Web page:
An important value proposition that Universal focuses on is convenience as compared to Disney. As Bob Gault, former President and COO of Universal Studios, puts it, “Our guests, the ones who have stayed at Disney before, are telling us that our destination is much more convenient. It is more user friendly. Our canal system makes everything convenient to everything else. Unlike Disney which is spread over thousands of acres, it’s a great deal easier to get around here. You’re just a five-minute walk or boat ride to anything in the destination. People really enjoy that synergy and convenience. ” [xx].

The selection of rides that Universal Studios has to offer is key to attracting potential customers. Ride highlights include, but are not limited to, descriptions of The Simpsons Ride, Revenge of the Mummy, and MEN IN BLACK Alien Attack. Each ride description emphasizes excitement. For instance, the Men in Black ride, targeted for visitors ages ten and under, is described as “All right rookies… this is no drill! It’s up to YOU to protect the Earth from aliens in MEN IN BLACK Alien Attack. As an agent trainee, you’ll zap aliens as you chase them through the streets of New York in this high-tech, interactive ride based on the hit movies.

But be warned… these aliens zap back, spinning your vehicle out of control. ”[xxi] If one had to create a specific positioning statement for Universal Studios it might be as follows: For movie and TV enthusiasts who want more than just a theme park, Universal Studios Orlando is an entire universe of action and thrills that provides every member of the family an unforgettable experience that can be shared together. Unlike other theme parks in Florida and the US at large, Universal Studios Orlando has an amazing array of rides, shows and attractions that make YOU the star and put YOU right in the middle of the action.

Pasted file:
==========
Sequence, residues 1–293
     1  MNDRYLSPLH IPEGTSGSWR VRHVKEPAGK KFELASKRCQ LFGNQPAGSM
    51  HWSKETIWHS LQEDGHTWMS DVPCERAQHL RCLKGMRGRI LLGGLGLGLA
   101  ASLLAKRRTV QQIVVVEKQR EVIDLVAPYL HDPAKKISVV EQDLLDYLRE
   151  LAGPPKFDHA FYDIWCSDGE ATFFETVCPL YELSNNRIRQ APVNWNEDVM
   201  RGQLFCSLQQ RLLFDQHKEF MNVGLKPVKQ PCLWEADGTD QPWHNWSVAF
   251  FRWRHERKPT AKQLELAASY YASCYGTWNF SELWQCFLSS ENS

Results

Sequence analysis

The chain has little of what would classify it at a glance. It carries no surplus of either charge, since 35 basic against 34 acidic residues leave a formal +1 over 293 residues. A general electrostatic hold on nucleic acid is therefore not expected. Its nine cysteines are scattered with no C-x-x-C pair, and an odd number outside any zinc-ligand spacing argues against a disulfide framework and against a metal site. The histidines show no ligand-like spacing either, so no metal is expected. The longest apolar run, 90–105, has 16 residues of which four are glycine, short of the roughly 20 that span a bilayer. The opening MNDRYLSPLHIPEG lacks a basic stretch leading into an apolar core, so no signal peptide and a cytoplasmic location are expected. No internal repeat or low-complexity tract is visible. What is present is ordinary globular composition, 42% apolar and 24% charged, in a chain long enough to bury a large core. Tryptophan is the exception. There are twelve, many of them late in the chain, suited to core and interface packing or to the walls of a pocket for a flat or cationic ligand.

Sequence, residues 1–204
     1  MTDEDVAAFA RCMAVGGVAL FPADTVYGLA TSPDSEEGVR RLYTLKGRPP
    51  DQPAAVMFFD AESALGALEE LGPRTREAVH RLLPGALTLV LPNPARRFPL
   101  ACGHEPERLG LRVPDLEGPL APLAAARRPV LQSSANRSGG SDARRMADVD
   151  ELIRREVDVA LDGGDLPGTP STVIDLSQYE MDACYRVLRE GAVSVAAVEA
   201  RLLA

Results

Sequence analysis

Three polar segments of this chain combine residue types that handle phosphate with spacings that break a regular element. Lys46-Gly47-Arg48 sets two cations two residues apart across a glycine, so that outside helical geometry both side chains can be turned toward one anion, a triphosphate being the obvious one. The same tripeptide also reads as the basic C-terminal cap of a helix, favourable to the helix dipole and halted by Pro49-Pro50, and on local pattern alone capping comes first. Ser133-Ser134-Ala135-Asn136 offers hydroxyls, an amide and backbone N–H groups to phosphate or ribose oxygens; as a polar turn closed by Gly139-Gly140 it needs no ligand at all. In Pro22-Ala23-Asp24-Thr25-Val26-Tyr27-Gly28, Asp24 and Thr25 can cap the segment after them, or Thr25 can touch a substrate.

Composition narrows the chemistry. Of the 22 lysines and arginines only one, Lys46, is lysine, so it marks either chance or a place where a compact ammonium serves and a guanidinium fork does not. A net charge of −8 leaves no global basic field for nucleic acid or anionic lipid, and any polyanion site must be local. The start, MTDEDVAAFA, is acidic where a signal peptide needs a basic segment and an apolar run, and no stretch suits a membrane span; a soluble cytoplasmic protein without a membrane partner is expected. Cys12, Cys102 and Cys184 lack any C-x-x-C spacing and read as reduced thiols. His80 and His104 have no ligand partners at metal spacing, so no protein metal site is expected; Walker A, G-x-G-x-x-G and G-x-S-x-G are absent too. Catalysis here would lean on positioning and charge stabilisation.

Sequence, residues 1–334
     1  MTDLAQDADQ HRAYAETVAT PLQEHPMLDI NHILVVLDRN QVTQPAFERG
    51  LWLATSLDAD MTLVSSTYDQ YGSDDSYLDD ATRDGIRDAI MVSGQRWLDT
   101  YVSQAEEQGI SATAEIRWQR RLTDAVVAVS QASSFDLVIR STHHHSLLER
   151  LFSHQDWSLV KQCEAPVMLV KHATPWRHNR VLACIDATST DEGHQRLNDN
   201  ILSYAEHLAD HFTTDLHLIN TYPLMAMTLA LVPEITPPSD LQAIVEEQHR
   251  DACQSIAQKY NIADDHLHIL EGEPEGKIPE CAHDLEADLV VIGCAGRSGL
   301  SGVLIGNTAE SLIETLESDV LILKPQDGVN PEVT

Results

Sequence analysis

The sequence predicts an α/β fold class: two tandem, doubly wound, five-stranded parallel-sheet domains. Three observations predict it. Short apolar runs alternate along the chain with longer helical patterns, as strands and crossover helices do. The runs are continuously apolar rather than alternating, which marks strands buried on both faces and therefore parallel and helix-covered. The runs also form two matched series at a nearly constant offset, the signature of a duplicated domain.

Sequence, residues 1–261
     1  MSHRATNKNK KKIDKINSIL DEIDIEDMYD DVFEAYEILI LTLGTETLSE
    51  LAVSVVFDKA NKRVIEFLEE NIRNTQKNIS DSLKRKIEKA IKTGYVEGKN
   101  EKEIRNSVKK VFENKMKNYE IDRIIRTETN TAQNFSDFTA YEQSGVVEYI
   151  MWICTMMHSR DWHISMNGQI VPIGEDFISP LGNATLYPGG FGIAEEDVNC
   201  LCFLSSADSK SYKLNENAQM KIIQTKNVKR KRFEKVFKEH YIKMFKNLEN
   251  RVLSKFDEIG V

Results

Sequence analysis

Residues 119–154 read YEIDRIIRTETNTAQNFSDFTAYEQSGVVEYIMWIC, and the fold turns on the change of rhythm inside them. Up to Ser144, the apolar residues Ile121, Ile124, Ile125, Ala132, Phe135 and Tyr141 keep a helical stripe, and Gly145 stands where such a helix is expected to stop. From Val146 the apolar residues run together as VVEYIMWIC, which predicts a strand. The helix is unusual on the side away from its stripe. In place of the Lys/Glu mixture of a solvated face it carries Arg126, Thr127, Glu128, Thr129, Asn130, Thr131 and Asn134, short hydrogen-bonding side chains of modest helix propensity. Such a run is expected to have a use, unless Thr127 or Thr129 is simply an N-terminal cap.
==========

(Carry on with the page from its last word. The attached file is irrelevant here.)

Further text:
The emphasis on YOU is key and can be recognized as a core aspect of the park’s positioning and value. SeaWorld distinguishes itself in a markedly different way as compared to Magic Kingdom and Universal Studios. While SeaWorld Florida also offers rides and attractions, the main focuses are on experiences with animals, education, and the conservation of marine life. These focuses are readily apparent on SeaWorld Florida’s website. In a departure from the “about us” features of the Magic Kingdom and Universal Studios websites, SeaWorld does not offer an “about us” section.

That being said, SeaWorld’s focus is immediately noticeable. In addition to highlighting different park attractions and experiences, there is a section on the main page of the site concerning Educational, as well a link to Conservation. These will both be discussed further later in the analysis. [xxii] SeaWorld has fewer rides and attractions than Magic Kingdom and Universal Studios but, per the main sites tagline, the park is where “Where Worlds Connect,” which is in keeping with why the site’s focus is on animal experiences and not simply on rides.

[xxiii] SeaWorld Florida, like Magic Kingdom, is meant to be a mellower experience than Universal Studios. While both Magic Kingdom and Universal Studios can easily get heavily lined, “even when it is crowded, you get the sense that Sea World is designed to offer more of a mellow stroll. ”[xxiv] If one had to create a specific positioning statement for SeaWorld Florida it might be as follows: For animal lovers who desire not just rides but experiences, SeaWorld Florida is a destination like no other, one that provides every member of the family unforgettable memories with each other and some of the world’s most majestic marine animals.

Unlike other theme parks, SeaWorld Florida brings the wonders of the ocean directly to you through an array of rides, shows, attractions, and educational experiences. Experience SeaWorld, where worlds connect, and gain an even deeper appreciation for the ocean and its inhabitants. The emphasis on connection and experiences, rather than rides alone, is key to the park’s positioning and value. Generally, parks in Florida tend to be segmented into two categories – Disney parks and all other parks.